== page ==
To answer your question…I felt every bit of what the mother was experiencing. You’re an extremely talented writer. Slowing it down is so important, yet since it’s time-consuming I find myself breezing over it, too. During my second drafts I’m often horrified at the heart-fluttering, weak knees, and shaky hands in my first draft. Using subtext instead of body cues is what I’m working on now before I send my ms back to the editor. Stellar post!

    • Robin Patchen June 25, 2015 at 7:43 am #

      My first drafts have a lot of breathing–sighing, blowing out breaths, holding breath. I think my characters might suffocate if I don’t show them breathing. 🙂 The key is to leave that stuff in draft #1.

      Thanks, Sue!

  13. nancy brophy June 25, 2015 at 11:48 am #

    nicely shown

  14. Paul Vasquez June 25, 2015 at 12:50 pm #

    This is very helpful. Thank you for posting this.

    • Paul Vasquez June 25, 2015 at 4:18 pm #

      I do have one question though. Do you ever feel like you can overdo the inner dialogue? For example, Kurt Vonnegut once said that every sentence should either reveal character or advance the plot. How do you decide how much inner dialogue is revealing character and how much is just killing your pacing?

      Is it just experience and a good ear?

      • cslakin June 26, 2015 at 2:45 pm #

        Genre plays a big part in determining this! I have read suspense thrillers that are hugely internal thought, packed full of worrisome thoughts to ramp up the emotional tension. Getting in close to what a character is thinking while afraid can make the reader feel that fear. For other genres, and personal author writing styles, such as Cormac McCarthy’s, you’ll see almost no internal thoughts at all. Internal dialog can both reveal character and advance the plot, so Vonnegut’s sage words apply here as well. Best is to study other great novels in the genre in which you are writing and note (highlight?) all the lines of internal dialog and their content to see just what that amount is.

        • Paul Vasquez June 26, 2015 at 3:40 pm #

          That’s great advice. Thank you!

      • Robin Patchen June 26, 2015 at 5:24 pm #

        That’s a great question, Paul. Susanne’s advice to study other great works is great.

        You certainly wouldn’t want to have this much internal dialog all the way through a book. It needs to serve a purpose. In this case, we want to get the reader emotionally invested in the scene, and the best way to do that is to let us see what the character is thinking. But if the hero is deciding between a bagel or a donut, you wouldn’t want to show us his calculating the calories of each. That would get old fast.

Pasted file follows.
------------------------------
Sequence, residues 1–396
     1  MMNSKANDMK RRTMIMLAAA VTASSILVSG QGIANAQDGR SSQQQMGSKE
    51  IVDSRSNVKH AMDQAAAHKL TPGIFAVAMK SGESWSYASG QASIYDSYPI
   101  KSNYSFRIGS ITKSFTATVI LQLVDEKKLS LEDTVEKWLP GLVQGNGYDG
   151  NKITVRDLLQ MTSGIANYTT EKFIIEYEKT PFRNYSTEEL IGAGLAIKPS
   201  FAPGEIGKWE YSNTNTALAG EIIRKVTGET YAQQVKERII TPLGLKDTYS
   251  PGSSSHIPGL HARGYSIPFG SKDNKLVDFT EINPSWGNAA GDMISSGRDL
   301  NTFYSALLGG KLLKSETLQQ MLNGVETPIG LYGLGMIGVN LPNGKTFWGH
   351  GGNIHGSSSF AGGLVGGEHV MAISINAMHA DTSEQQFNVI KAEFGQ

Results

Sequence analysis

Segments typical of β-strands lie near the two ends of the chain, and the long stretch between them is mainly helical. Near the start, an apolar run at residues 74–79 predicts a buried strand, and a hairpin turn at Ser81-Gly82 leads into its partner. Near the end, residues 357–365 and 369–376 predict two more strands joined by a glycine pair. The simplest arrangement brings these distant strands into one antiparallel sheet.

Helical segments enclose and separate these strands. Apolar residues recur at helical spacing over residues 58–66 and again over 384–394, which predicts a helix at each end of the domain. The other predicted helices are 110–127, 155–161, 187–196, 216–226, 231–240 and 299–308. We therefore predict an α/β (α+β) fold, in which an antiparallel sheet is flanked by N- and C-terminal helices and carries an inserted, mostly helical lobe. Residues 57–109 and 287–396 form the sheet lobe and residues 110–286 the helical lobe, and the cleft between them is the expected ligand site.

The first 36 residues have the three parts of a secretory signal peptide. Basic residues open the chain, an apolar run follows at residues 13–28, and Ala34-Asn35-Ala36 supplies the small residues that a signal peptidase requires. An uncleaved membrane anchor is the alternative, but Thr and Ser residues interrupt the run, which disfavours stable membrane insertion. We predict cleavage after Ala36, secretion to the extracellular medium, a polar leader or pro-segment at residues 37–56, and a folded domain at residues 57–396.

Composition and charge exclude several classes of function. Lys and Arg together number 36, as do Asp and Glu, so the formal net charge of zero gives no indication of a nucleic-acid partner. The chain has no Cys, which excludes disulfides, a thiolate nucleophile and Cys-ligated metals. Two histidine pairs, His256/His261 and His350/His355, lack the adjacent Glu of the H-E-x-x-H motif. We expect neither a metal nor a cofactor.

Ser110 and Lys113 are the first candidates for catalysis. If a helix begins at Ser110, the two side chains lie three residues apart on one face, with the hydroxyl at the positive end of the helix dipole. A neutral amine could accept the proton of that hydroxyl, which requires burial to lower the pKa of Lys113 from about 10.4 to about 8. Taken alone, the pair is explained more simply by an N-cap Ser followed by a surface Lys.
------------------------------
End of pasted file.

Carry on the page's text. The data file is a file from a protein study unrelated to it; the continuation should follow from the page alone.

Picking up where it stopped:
At first, it can feel unnatural, but I think the more you write, the more intuitive it becomes.

  15. Victoria Griffin June 28, 2015 at 6:02 am #

    This is a great article. I know I’m certainly guilty of getting lazy and writing scenes as I see them instead of delving into the character. I’m about to begin revision, and I can already think of places I need to expand and deepen. Thanks for the insight!

    • Robin Patchen June 28, 2015 at 2:22 pm #

      So glad it helped, Victoria. Good luck with your revisions.

  16. Sarah Riv April 17, 2016 at 2:44 pm #

    This is the best example I’ve seen on this subject! I’m so glad I found it. My stories end up being like the ‘before’ and I never really liked it. It felt like something was off. You’ve really opened my eyes. I tried this on a scene I was working on and now it sounds much better! Now I must look for more tips and keep on writing.

  17. Pat Garcia June 6, 2016 at 8:23 am #

    All I can say is thank you.
    Shalom aleichem,
    Patricia

  18. Mawr Gorshin July 5, 2016 at 5:42 am #

    In the ‘After’ example, it was her questions that showed her doubts and her fears. That gave me the emotional response.

  19. Becky P Ramsay September 8, 2016 at 8:23 am #

    I like how you demonstrate internal thoughts in third person. Many writers want to switch to first person in italics. To me this loses the continuity of the story. So right, body movements and facial expressions keep the reader on the outside of the character. Your before and after is so helpful! Thank you!

  20. Kelly October 11, 2016 at 6:44 am #

    Wow. This has helped a LOT! I’ve had more compliments on one scene that I did this with, but didn’t really know concrete what I was doing. The difference was I put myself there, slowed down, and actually physically moved the way the character would, felt what she would have felt. It was amazing. Thank you so so much for sharing!!

    • cslakin October 11, 2016 at 10:45 am #

      Glad this helped you! Being aware of this can really improve the emotional impact of your scenes.

    • Robin Patchen October 11, 2016 at 12:23 pm #

      So glad it helped, Kelly.

  21. Linda Fulton November 28, 2016 at 4:42 pm #

    Excellent article. Always eager to collect knowledge like this. Thank you.

  22. Indigo Skies December 13, 2016 at 3:42 am #

    This is great, but it bothers me slightly. This “slow” method of writing matches the woman’s trepidation and reluctance to learn the truth. But often emotions are felt, and acted on in an instant, and I’m rather uncomfortably aware of the fact that describing something in detail can turn a couple of seconds into a page or more.

    • Robin Patchen December 14, 2016 at 10:05 am #

      That’s true. Sometimes it’s appropriate to slow down a moment. Sometimes, it’s not. You have to use your best judgment.